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Orion Freeman, Kuf Knotz, and Kwesi Kankam

Burlap and Bean Coffeehouse

204 S. Newtown Street Road The Shops at Springton Pointe Newtown Square PA 19073
  • Friday August 10th 2012

Orion Freeman is a singing, songwriting, guitar-playing seeker from the woods just beyond the mortar and bricks of Philadelphia. His souled-out, reggae-infused, flamenco-tinged, bluesy folk-rock aspires to move: your shoes; your heart; the cobwebs, so as to peer into your soul. Hovering somewhere within the chasm between the worldly and the divine, his music is an intimate glimpse into the spiraling states of freedom and folly, playfulness and prayer. To listen to samples, visit

No stranger to Philadelphia's live music scene for the better part of the last decade or so, Kuf Knotz has created quite a name for himself accompanying nationally renowned tours with the likes of artists ranging from Common to The New York Dolls. Kuf even battered down historical barriers by becoming the first ever hip hop act to open up for the legendary "Boss" -- Mr. Bruce Springsteen, himself -- at the internationally covered rally for then presidential candidate, Barack Obama on Philly's Benjamin Franklin Parkway. Kuf's career highlights did not end there, however, going on to record "Unstoppable," the official song of World Series Champions, The Phillies, last year with fellow notorious local artists, G. Love and Chuck Treece. To listen to samples, visit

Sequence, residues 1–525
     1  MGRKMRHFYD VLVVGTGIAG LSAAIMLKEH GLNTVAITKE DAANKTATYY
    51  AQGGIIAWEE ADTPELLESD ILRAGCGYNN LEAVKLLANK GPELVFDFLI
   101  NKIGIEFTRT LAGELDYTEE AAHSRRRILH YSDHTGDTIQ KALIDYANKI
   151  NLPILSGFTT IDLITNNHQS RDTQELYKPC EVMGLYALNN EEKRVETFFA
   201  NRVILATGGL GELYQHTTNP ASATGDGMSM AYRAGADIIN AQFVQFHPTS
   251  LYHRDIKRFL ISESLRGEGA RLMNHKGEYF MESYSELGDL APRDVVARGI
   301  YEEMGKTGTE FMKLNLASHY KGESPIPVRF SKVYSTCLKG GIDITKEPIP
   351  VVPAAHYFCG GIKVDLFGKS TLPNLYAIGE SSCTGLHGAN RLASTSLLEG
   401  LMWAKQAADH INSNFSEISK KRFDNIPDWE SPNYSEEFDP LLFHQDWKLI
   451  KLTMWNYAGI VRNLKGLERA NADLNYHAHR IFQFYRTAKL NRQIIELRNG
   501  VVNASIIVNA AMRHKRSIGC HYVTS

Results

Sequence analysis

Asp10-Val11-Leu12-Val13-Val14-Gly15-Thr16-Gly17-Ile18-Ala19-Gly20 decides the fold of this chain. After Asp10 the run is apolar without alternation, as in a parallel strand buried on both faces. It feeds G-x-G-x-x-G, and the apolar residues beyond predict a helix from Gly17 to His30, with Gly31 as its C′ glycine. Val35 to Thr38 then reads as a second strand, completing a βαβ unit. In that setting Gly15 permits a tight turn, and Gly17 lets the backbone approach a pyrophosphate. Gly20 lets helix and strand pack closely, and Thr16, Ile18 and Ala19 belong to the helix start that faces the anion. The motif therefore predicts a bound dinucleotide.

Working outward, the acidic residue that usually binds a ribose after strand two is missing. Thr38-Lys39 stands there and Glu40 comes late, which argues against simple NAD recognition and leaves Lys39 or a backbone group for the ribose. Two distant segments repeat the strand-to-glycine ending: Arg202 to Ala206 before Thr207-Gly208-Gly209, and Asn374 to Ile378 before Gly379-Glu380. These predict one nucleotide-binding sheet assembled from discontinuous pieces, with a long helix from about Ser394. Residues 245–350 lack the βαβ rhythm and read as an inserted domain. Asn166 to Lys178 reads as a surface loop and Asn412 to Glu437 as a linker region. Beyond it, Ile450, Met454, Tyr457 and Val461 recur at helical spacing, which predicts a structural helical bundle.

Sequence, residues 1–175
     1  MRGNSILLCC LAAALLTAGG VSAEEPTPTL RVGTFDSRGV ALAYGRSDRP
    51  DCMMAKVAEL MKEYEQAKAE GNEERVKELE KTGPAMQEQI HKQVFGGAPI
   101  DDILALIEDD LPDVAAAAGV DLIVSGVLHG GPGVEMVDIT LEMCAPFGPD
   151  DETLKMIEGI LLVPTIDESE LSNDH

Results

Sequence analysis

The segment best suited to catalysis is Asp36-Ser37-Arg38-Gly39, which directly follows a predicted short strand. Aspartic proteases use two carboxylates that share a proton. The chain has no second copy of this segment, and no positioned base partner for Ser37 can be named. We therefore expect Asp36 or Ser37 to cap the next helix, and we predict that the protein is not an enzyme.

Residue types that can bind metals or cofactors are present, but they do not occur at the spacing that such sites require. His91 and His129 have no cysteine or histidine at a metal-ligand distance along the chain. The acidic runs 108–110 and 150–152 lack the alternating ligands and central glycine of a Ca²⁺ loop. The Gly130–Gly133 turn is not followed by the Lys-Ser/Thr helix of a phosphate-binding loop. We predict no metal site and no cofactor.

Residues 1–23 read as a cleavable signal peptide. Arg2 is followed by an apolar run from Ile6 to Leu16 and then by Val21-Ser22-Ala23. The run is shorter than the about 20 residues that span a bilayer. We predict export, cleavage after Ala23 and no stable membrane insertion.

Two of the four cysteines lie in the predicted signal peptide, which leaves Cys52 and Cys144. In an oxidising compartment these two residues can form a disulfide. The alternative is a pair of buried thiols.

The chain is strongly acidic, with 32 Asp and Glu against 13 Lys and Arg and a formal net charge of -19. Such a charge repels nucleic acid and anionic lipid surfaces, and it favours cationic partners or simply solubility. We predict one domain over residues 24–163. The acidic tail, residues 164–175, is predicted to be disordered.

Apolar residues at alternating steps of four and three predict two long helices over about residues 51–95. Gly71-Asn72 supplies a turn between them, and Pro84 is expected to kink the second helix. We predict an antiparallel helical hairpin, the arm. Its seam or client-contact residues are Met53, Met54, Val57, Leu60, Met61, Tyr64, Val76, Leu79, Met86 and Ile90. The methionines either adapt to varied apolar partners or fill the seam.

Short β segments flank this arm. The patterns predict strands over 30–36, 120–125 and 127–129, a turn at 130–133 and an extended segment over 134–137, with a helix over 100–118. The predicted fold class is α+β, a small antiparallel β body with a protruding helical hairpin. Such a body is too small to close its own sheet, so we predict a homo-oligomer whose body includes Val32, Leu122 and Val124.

Born within the glow of the Northern Lights of Anchorage, Alaska, Kwesi has seen much in his young life and time. From a West African father of Ghanaian descent and a mother from Ft. Wayne Indiana, his music is a tapestry of relaxed grooves and melodic hooks that stay true to his world view and artistic nature. Raised in Ohio, Kwesi soaked up sounds from his older brother’s cd collection – folk, soul, rap, alternative and rock, setting the stage for his musical journey. Lucky to have a sibling employed at a record shop, he would regularly borrow his brothers’ discs, absorbing all styles from Dave Matthews to Alanis Moriestte, to Boyz II Men and Bone Thugs to traditional Ghanaian gospel reggae and his father’s '70s and '80s soul music, it created a blend of his very own that would later be a key component in the sound of his music. To listen to samples, visit


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